The CEFG study can be thought of as a baseline or worst-case study because it makes no allowance for developments in important areas like solar-with-storage or geothermal power. University of NSW academic and former CSIRO scientist Mark Diesendorf, who contributed to the CEFG study, has proposed a more ambitious scenario (PDF) that replaces all coal and gas used in electricity generation with renewables. He and his colleagues at UNSW have performed computer simulations of 100% renewable electricity in the National Electricity Market, in which hourly demand is supplied reliably with mixes of CST, wind, solar PV, biofuelled gas turbines and existing hydro.

CSIRO scientist Dr John Wright has proposed a scenario in which renewables generate over three-quarters of Australia’s electricity by 2050: wind provides 19.4%; geothermal 19.0%; solar thermal 18.3%; solar PV 12.8%; bioenergy 5.1%; and ocean energy 0.7%. Dr Wright states: “Overall, increasing renewable energy technology will take out in the order of 200 million tons of CO2 by 2050 under this scenario. That is equal to about all of our major stationary energy CO2 emissions now. This is a major, major change.”

Siemens Ltd., a company with extensive involvement in the energy sector, has mapped out an energy plan for Australia in which the contribution of fossil fuels to electricity generation falls from 93% to around 10%, with the remainder generated by a mix of renewable technologies consisting mainly of solar (35%), wind (18%), and geothermal (17%). Large-scale energy storage is provided by a mix of solar thermal and hydrogen. In the Siemens plan, most large-scale transmission interconnectors are High Voltage Direct Current (HVDC), providing significant reduction in losses and thus allowing for efficient, long-distance transmission of renewable energy-generated electricity around the country. Siemens also proposes the development of HVDC links to South East Asia to export renewable electricity.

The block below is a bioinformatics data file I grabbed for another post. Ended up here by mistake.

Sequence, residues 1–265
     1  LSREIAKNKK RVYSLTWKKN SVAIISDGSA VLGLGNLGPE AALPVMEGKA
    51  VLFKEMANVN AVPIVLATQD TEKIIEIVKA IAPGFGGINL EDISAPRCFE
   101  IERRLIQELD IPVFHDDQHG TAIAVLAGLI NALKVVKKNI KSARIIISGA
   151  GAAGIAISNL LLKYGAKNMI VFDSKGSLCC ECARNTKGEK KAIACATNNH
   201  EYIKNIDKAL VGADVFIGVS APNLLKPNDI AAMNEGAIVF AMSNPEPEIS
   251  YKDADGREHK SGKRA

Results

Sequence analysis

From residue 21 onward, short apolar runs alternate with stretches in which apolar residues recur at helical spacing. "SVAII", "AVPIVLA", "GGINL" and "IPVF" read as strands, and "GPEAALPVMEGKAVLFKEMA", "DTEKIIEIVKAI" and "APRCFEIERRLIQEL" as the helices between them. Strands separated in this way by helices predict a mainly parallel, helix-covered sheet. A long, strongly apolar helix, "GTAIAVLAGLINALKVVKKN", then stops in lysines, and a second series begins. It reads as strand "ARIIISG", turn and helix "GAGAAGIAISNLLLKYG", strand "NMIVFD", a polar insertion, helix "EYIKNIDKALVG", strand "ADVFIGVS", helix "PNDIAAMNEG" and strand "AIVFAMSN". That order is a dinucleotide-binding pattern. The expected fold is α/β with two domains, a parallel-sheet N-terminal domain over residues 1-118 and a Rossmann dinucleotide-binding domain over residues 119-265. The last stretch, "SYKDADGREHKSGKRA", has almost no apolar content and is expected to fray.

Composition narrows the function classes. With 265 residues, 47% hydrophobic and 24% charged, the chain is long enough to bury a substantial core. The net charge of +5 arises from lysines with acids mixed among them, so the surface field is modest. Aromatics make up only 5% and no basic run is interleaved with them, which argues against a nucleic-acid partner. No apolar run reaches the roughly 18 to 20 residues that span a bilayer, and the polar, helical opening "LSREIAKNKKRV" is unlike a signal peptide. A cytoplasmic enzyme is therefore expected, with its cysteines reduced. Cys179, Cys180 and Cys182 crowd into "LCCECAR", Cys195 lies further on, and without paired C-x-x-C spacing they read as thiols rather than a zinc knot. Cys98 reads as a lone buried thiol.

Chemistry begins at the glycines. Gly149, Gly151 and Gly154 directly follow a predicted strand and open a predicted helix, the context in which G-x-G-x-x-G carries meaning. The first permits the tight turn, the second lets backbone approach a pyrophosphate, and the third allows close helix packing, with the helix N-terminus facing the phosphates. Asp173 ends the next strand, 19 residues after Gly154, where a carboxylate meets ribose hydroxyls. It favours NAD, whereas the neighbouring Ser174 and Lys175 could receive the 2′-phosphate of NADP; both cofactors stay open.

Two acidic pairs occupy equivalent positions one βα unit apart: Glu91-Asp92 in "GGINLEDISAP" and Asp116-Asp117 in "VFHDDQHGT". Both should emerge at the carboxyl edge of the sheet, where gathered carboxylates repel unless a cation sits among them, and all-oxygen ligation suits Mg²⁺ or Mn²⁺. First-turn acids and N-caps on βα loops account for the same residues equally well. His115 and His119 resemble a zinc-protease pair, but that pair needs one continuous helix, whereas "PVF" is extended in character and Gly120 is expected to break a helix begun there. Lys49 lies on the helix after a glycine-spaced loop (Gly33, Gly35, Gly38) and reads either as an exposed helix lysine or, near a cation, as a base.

Australia’s energy problem is broader and more difficult than the electricity problem − and the global energy/climate problem is broader and more challenging than Australia’s problem. Suffice it here to note that there is a body of expert opinion more optimistic about the potential of renewables and energy efficiency (and more critical of nuclear power) than Prof. Brook’s expert opinion.